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Robins Files Its Fourth Reorganization Plan

February 03, 1988|Associated Press

RICHMOND, Va. — A. H. Robins Co. has filed a fourth version of its reorganization plan to guide it from Chapter 11 bankruptcy into a merger with the American Home Products Corp. while providing a settlement for Dalkon Shield claimants.

The plan and an accompanying disclosure statement were submitted to a federal bankruptcy judge Monday night and will be the subject of a March 10 hearing in U.S. District Court.

The reorganization plan, which has been revised as Robins' intended merger partners have changed, calls for the New York-based American Home Products to acquire Robins through an exchange of common stock worth $700 million.

It also calls for setting up a $2.475-billion trust fund that would pay off about 195,000 claims from women who contend they were injured by the Dalkon Shield, an intrauterine birth-control device sold by Robins in the early 1970s.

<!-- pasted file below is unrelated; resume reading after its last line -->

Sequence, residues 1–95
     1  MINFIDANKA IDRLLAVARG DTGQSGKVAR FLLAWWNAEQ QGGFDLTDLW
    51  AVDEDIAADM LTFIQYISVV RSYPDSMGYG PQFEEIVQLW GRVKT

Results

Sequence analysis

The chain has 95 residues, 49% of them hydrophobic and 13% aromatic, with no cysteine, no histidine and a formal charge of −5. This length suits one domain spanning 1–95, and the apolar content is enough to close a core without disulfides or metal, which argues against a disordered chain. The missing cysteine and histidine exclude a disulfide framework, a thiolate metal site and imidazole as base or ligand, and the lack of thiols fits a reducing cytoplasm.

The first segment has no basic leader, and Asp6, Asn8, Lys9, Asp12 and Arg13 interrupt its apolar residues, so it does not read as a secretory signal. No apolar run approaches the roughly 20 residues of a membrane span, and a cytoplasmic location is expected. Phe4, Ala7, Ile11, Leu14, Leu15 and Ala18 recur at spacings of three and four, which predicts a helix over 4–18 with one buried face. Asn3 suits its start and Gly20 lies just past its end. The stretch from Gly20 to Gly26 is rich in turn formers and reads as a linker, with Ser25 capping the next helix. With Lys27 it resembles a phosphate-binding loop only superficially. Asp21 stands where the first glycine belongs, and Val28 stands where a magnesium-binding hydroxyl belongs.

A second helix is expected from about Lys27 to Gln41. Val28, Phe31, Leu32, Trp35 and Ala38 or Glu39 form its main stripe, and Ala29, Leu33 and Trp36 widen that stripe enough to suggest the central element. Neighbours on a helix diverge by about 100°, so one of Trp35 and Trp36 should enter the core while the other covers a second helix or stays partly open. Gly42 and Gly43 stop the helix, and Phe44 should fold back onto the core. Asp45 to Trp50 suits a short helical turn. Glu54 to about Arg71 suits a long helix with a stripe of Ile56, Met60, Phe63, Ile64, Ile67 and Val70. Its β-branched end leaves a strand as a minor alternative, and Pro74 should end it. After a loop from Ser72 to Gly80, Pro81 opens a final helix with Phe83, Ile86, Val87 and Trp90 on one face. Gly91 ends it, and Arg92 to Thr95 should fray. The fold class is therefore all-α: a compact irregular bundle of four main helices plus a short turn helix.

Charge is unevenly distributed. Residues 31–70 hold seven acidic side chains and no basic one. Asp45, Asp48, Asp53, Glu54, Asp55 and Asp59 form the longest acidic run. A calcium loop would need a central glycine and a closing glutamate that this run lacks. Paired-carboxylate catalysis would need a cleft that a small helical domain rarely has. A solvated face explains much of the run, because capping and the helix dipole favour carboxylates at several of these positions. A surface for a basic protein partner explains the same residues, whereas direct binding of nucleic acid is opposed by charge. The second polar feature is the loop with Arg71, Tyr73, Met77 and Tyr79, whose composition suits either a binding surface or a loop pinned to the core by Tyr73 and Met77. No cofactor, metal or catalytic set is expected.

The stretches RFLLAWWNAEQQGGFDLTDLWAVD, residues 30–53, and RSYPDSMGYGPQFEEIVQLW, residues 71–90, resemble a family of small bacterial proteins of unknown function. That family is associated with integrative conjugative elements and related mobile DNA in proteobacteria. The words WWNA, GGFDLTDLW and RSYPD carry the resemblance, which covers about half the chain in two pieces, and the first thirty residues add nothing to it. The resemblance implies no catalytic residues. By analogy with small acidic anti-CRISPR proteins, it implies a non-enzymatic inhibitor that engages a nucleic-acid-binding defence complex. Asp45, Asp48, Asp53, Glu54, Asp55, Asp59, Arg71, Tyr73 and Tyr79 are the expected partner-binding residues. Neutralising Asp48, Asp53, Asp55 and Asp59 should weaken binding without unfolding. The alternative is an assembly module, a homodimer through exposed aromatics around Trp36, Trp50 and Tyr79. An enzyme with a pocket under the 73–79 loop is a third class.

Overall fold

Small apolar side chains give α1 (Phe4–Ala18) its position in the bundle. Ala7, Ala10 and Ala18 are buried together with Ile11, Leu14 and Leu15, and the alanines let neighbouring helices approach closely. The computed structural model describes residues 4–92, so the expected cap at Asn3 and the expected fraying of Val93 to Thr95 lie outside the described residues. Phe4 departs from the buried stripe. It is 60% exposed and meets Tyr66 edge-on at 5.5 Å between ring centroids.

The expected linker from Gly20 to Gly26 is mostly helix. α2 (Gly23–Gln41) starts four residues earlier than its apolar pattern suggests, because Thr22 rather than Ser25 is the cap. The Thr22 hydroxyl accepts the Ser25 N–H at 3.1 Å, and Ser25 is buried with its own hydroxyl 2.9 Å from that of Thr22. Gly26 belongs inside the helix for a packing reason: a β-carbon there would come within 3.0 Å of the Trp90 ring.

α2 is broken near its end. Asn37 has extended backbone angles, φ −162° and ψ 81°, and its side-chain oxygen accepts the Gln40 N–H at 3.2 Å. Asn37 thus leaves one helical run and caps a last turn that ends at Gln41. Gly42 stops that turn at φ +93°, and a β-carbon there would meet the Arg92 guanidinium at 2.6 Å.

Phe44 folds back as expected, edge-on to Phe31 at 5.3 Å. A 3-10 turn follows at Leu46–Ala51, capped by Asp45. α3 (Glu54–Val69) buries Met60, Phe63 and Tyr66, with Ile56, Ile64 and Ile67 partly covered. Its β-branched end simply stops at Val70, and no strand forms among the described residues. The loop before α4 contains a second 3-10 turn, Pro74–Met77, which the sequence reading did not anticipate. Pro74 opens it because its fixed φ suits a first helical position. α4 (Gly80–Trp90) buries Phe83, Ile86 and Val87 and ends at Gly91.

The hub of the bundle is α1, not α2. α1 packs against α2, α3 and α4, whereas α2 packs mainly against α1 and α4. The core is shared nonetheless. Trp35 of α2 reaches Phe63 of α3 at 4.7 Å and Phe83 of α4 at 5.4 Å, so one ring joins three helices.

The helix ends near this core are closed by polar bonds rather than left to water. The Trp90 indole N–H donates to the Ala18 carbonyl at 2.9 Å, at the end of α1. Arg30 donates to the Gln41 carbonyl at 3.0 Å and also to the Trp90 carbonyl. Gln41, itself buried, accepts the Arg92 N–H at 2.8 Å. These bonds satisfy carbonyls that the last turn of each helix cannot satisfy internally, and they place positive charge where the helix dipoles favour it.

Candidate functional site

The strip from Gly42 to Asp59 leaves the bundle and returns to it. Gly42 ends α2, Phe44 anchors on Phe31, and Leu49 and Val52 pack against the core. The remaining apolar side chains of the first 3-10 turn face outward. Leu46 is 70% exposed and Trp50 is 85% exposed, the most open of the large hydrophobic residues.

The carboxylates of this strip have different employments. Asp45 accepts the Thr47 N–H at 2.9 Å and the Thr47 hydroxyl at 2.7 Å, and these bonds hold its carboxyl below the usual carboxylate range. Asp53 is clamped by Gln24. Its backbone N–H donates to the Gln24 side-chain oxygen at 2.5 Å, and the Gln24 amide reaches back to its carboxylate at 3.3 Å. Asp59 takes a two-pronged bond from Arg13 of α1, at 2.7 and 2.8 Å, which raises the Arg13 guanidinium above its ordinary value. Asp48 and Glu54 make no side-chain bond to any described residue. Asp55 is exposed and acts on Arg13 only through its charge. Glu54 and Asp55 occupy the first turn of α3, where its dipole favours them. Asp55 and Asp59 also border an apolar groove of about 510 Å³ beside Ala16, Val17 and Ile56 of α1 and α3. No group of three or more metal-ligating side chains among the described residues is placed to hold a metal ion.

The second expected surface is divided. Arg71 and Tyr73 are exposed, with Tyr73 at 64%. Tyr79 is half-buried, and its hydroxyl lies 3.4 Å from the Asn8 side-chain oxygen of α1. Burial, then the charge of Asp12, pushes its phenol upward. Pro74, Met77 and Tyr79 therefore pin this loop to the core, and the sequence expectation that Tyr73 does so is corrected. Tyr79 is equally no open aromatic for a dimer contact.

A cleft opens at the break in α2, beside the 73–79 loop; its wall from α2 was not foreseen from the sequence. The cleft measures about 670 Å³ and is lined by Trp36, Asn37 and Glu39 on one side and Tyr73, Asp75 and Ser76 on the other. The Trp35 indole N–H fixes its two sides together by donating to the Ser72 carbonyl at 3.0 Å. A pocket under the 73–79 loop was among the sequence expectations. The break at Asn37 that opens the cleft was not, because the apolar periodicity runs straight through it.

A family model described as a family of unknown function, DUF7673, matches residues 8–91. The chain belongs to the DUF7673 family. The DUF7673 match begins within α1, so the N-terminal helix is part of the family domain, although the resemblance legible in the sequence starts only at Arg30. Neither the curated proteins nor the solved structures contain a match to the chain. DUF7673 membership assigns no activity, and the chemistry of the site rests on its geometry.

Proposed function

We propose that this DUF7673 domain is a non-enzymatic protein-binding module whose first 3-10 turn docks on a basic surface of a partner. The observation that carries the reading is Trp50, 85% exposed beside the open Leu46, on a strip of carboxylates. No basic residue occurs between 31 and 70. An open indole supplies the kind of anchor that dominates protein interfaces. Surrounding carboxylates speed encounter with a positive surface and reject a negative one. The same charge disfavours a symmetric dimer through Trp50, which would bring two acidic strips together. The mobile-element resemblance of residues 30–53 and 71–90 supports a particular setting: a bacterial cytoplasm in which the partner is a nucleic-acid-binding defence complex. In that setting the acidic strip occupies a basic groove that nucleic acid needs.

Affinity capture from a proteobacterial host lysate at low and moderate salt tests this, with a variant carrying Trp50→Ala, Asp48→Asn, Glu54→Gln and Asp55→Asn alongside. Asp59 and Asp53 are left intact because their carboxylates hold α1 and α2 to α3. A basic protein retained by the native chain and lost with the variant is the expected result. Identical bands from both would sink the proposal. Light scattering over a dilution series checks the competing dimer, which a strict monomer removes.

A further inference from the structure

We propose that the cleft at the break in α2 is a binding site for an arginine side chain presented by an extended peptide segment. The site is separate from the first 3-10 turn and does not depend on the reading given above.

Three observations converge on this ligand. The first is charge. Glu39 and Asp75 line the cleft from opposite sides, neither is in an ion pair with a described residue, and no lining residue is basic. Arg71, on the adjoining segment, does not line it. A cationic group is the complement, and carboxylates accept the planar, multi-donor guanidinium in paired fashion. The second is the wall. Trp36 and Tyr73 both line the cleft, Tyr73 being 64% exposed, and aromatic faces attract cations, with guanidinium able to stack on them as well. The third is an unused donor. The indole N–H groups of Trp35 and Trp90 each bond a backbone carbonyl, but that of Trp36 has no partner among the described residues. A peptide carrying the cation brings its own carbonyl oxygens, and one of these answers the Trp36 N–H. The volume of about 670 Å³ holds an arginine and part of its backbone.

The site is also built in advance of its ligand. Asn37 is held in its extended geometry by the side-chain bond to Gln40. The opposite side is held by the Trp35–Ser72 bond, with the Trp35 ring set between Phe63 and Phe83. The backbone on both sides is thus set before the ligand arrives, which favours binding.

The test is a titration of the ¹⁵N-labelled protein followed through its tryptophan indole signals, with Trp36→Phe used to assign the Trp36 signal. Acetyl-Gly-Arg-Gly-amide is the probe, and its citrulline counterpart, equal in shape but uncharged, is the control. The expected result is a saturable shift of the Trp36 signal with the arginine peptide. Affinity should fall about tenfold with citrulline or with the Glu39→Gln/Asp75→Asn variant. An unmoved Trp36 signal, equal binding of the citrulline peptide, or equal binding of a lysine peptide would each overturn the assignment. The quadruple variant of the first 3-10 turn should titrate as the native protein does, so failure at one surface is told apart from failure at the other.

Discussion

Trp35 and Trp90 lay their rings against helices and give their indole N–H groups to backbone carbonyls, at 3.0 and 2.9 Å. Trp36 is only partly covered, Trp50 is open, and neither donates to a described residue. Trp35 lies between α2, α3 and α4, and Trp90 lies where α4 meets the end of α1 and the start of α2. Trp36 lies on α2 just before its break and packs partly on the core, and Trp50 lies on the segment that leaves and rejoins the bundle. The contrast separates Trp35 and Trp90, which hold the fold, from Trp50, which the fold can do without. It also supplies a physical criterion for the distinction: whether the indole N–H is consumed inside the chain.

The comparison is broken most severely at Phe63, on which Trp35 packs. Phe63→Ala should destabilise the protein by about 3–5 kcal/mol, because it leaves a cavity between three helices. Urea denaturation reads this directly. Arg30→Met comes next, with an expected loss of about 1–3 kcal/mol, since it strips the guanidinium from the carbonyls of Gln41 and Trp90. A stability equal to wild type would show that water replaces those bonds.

Robins sought protection in August, 1985, because of the thousands of claims filed by women alleging they were harmed by using the IUD.

Both the committee representing Dalkon Shield claimants and a panel for Robins' stockholders in the bankruptcy case have endorsed the amended plan.

How Plan Would Work

The plan calls for Dalkon Shield claimants to receive payments from Robins, American Home Products and Aetna Casualty & Surety Co. on a yet-to-be determined date.

Aetna, the product liability insurer of the Dalkon Shield, also would contribute insurance coverage expected to be at least $300 million in return for release of claims against it in the bankruptcy case and settlement of a separate class-action lawsuit brought against the insurer by claimants.

The amended plan also calls for full payment to non-Dalkon Shield creditors of Robins and for indemnity protection against lawsuits for Robins' officers, directors and employees.

If the disclosure plan is approved next month, Robins' shareholders, trade creditors and Dalkon Shield claimants would vote on the reorganization plan. For the plan to be implemented, the endorsement of U.S. District Judge Robert R. Merhige Jr. also would be necessary.

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